(source: The Mondragon Cooperative Experience, by José María Ormaechea, 2000)

Second, I want to parse the word management. We manage our co-operative whether or not we have a person holding a title with the word “manager”. Some co-ops manage collectively, some manage through a hierarchy, but we all manage the same things: assets, liabilities, equity, work performance, customer satisfaction etc. In this, as in most posts, I use the term management and manager in the broad sense.

Participatory management does not mean democracy and democracy does not mean participatory management. I say this because they are often linked together in a synonymous manner. A worker co-operative can have a strict top-down hierarchy that allows little or no member input and still elect its board of directors. Likewise, the concept of participatory workplaces can exist in capitalist organizations.

This principle exposes some dangers to worker co-operatives in that it is this area that the co-operative movement may be co-opted. World Blu has created a list of the “most democratic workplaces” for a couple of years now. While I have nothing against their mission, they misuse the word democracy when they mean participatory management. Only a handful of the companies on their list are co-ops or esops. In other words, they are honoring workplaces as “democratic” when the workers have no control over the governance of the organization. While I think that participatory management is a noble thing for a stock corporation to entertain, it isn’t democracy, it isn’t a right. It can be taken away as soon as the stockholders decide the experiment isn’t making them enough money. While I support World Blu’s efforts to humanize capitalism, I don’t think it will ever succeed on a grand scale but am glad that the workers in those business have a decent place to work.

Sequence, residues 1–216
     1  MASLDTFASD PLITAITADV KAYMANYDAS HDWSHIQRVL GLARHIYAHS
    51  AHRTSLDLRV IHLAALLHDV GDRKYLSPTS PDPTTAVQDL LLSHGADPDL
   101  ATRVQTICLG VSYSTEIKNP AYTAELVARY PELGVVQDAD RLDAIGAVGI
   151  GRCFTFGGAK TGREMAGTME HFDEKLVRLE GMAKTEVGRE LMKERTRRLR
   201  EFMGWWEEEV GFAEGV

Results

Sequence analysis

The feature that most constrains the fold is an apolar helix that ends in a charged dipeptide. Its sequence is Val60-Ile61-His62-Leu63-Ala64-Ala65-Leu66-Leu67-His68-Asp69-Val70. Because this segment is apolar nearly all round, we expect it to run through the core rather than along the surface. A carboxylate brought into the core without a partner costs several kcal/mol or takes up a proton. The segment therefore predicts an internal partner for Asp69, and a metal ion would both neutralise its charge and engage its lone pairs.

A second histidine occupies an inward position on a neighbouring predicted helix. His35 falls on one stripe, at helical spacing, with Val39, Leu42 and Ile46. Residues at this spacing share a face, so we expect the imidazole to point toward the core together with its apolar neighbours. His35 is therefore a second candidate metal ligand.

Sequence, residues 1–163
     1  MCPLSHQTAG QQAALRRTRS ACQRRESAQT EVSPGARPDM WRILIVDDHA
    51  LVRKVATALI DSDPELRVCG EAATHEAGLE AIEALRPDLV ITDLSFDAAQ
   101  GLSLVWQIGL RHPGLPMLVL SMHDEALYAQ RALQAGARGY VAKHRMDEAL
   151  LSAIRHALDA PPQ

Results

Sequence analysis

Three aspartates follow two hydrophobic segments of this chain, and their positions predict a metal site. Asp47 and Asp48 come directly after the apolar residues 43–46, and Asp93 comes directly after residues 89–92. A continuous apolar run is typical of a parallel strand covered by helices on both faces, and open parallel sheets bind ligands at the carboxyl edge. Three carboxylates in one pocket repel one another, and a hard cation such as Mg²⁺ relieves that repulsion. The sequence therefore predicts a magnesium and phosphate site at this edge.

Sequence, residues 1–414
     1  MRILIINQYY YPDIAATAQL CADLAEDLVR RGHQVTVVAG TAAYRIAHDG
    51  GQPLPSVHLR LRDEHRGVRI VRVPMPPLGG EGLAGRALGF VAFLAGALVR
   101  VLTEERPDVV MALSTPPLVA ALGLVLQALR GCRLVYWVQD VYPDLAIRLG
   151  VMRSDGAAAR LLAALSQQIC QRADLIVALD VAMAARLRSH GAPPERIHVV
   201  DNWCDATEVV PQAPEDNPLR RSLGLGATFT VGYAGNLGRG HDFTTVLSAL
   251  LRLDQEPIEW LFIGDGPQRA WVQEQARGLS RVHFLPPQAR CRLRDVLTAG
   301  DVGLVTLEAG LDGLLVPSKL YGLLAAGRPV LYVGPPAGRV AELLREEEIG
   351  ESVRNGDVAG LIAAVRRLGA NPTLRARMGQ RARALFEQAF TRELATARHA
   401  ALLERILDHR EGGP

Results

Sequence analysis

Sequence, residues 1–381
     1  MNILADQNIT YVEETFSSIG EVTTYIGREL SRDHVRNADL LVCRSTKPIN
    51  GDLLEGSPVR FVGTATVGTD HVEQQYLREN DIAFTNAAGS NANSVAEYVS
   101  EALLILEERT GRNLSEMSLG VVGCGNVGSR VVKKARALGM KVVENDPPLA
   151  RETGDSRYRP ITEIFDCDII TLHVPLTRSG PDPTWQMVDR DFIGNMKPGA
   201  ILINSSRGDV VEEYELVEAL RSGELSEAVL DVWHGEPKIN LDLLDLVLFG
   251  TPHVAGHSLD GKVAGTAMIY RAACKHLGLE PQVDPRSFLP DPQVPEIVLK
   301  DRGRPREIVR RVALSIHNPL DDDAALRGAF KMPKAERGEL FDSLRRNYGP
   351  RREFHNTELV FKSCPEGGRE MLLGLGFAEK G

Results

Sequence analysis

A worker co-operative should abide by the values and principles of democracy. Participatory management should be another user principle for co-operatives even if it isn’t in the Identity Statement. It is the means by which the workers of the co-operative “use” their co-operative. Just as consumers use the products and services of a consumer co-operatives, workers use their ability to participate in decisions affecting their work life (roughly ¼-1/3 of our lives) as their right of membership.

Mondragon has created an excellent definition of participatory management. It isn’t simply deciding what type chairs to get for the office, it involves a complete involvement of the workforce in the operations and planning of the organization.

Note though, that the principle discusses the creation of “suitable” methods. Decisions have to be made and they have to be made in a way that enhances the organization in terms of serving their customers and succeeding in the market place. A restaurant can’t hold a membership meeting to discuss which person serves which table every time a customer walks in for dinner. A cab company can’t hold a debate about call assignment for each and every order. However, the co-operative can create methods of having these discussions about systems that ensure fairness and those methods should involve a wide range of voices from the membership.